Flavors of India, 192pp.
by Shanta Nimbark Sacharoff
101 Productions, San Francisco, 1972
Cooking on page 32
This wonderful collection of vegetarian Hindu recipes belongs to my friend, neighbour and fellow book-club member, Pareen.
Many years ago, Pareen’s parents migrated from India to Uganda. During the days of Idi Amin, her family was forced to move on—heading to Australia and Canada.
Pareen claims she didn’t know how to cook when she married Steve, so started accumulating books to get herself on the right track. I’ll have a wonderful time plowing through her Indian and African-influenced cookbooks—and sharing them with you. There’s even a trip to Bollywood in the offing.
For now, let’s get started on page 32.
1 cup cubed cheese (or panir)
2 cups besan (chickpea flour) (gram flour)
3/4 cup water
1/2 teaspoon each coriander powder, cumin powder, turmeric powder and cayenne
1/8 teaspoon garlic powder
1–1 1/2 teaspoons salt
1 fresh lemon
pinch baking soda
2 cups peanut oil
First cut cheese into cubes about the size of sugar cubes and set aside. Next, make the batter.
To prepare the batter, place chick-pea flour in a large mixing bowl. Gradually add the water, mixing it with the flour by hand. Make sure that you break up the lumps of flour. Next add all the spices including the salt and the baking soda, mixing them well into the batter. Squeeze the lemon juice into the batter and mix again. Taste, correct the seasonings if necessary, cover and put aside.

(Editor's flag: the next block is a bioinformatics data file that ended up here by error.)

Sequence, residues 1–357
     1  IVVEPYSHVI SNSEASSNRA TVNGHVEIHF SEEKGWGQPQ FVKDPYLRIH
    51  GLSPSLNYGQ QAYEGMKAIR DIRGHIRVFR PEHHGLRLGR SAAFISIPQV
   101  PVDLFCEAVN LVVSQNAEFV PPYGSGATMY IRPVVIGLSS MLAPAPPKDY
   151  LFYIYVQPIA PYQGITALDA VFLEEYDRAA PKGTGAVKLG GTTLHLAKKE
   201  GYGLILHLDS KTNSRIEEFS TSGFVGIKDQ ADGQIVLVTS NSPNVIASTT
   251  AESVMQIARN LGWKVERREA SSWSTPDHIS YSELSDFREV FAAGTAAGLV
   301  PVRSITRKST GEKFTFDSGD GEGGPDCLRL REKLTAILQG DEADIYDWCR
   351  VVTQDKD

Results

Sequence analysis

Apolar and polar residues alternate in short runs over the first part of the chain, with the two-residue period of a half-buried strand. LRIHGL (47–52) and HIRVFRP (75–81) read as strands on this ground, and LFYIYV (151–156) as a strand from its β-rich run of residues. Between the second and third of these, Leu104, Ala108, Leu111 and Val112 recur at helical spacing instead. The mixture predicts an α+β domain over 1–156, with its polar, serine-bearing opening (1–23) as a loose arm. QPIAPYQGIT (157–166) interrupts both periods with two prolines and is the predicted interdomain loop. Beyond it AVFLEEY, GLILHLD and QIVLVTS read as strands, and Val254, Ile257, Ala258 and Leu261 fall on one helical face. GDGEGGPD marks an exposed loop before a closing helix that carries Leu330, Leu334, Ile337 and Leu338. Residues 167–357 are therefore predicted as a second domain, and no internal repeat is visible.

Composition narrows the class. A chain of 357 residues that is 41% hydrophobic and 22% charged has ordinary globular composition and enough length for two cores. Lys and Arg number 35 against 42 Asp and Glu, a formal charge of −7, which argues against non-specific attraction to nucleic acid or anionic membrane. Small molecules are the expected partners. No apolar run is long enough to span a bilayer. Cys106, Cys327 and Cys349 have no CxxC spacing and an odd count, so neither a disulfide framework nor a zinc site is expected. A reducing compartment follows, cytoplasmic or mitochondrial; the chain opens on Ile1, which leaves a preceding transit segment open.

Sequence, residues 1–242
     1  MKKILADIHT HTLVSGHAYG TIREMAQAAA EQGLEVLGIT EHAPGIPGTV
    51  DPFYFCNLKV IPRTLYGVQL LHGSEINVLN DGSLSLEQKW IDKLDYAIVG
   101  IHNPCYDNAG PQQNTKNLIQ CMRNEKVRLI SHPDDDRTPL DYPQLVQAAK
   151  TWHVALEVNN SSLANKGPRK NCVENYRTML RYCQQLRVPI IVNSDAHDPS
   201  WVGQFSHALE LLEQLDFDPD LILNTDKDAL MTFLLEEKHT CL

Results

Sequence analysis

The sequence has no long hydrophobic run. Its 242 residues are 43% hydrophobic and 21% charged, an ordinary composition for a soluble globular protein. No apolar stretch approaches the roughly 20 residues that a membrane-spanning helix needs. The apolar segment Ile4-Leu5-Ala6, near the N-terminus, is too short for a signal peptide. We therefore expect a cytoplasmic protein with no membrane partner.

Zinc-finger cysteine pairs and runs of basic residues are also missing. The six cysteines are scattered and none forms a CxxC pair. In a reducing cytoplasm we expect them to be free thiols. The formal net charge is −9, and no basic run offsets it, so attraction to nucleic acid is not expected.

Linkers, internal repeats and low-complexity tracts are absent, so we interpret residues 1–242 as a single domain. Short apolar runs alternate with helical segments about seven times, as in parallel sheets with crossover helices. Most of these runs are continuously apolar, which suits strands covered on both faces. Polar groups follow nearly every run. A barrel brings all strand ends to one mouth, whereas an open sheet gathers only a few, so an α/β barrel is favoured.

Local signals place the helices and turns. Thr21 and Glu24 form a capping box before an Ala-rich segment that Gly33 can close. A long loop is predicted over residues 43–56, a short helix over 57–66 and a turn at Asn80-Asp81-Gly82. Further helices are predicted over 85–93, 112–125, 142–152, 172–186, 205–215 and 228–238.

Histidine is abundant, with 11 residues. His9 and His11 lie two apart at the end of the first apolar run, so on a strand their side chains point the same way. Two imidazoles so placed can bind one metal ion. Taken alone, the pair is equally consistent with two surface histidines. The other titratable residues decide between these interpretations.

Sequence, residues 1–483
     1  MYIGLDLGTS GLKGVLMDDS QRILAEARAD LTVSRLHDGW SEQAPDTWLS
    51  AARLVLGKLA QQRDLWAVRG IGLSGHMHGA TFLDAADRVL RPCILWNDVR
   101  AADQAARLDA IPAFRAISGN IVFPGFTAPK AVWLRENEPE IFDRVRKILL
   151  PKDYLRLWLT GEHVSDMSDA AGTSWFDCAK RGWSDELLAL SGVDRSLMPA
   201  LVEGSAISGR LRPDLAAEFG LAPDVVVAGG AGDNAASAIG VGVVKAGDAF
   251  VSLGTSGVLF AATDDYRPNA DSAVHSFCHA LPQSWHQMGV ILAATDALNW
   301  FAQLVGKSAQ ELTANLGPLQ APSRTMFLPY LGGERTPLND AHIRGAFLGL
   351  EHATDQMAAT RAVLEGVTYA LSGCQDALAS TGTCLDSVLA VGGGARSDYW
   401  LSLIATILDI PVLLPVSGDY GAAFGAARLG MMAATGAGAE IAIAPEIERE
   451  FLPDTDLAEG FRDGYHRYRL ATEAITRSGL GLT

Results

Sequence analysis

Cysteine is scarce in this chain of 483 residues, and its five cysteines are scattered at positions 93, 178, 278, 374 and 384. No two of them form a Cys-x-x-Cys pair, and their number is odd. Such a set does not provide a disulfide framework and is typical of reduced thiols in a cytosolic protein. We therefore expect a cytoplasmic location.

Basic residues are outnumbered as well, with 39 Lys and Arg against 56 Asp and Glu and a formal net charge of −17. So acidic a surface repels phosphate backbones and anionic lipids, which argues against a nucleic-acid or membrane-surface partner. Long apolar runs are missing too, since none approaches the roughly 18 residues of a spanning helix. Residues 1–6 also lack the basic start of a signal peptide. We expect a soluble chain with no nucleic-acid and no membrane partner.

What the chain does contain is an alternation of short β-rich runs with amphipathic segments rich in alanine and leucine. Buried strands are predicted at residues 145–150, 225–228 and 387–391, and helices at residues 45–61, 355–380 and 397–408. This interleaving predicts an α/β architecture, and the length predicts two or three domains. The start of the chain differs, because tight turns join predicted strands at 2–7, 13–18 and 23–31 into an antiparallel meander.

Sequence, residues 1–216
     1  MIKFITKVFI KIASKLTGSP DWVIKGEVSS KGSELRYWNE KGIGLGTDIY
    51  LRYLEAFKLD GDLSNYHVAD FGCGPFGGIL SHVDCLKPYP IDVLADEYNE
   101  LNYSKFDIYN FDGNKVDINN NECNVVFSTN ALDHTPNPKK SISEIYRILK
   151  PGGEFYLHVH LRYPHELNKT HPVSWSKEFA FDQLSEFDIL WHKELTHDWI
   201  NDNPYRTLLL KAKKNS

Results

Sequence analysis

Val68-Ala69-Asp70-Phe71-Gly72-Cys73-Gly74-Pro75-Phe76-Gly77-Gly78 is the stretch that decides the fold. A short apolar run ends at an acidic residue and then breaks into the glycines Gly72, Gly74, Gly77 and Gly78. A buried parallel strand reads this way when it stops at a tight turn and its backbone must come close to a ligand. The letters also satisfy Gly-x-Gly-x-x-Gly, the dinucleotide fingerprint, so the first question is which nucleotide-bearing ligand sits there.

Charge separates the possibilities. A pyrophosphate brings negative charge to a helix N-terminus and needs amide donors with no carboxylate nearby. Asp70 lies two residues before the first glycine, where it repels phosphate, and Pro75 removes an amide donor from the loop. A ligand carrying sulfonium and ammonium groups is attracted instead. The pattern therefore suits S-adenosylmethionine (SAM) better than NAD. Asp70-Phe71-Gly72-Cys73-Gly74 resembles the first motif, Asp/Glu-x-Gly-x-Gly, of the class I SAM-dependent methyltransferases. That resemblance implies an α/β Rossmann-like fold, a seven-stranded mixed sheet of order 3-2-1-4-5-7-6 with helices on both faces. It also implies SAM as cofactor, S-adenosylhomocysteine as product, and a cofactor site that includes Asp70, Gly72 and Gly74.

Now heat the oil in a wok or shallow saucepan and test its hotness by dropping a bit of batter into the oil. The oil is ready when the bit of batter bubbles and rises to the surface immediately after being dropped in.
When ready, take a few cubes of cheese and thoroughly cover them with batter until there is no cheese showing through anywhere. If it is not covered completely with a thick coat of batter, there is a tendency for the melted cheese to ooze out into the oil.
Gently slip the cubes into the hot oil and cook until they turn a golden brown. Remove the pakoras with a slotted spoon, allowing the excess oil to drain off. Drain on paper towels and serve with yogurt or a raita.
How it played out
I was keen to make this because I have a few packs of besan flour (also called chickpea and/or gram flour) in the cupboard. Must have bought them on sale. Also had a kilo of paneer (my preferred spelling) in the freezer.
My only change was to use the juice of a lime and a clove of crushed garlic. No lemons or garlic powder on hand.
The tricky part of this recipe is getting the cheese cubes into the oil without losing the batter. In the end, I speared each cube with a skewer, dragged and swirled it through the batter, and then used another skewer to push the cube into the hot oil. That worked fine. I cooked 5 to 6 cubes at a time in a smallish saucepan.
Yummy snack and very easy to make. There was enough leftover batter to make another batch or two the next day, and that’s exactly what I did.
The flavour is quite mild, so if you are fond of heat and spice, feel free to up the amounts on the ones you like most.
As an aside, the book’s introduction notes that an Indian girl is not considered a woman until she masters the art of cooking rice at least 15 different ways. I doubt the same applies to boys, even though it should, but at least the cookbook is helpful and provides 16 recipes for rice.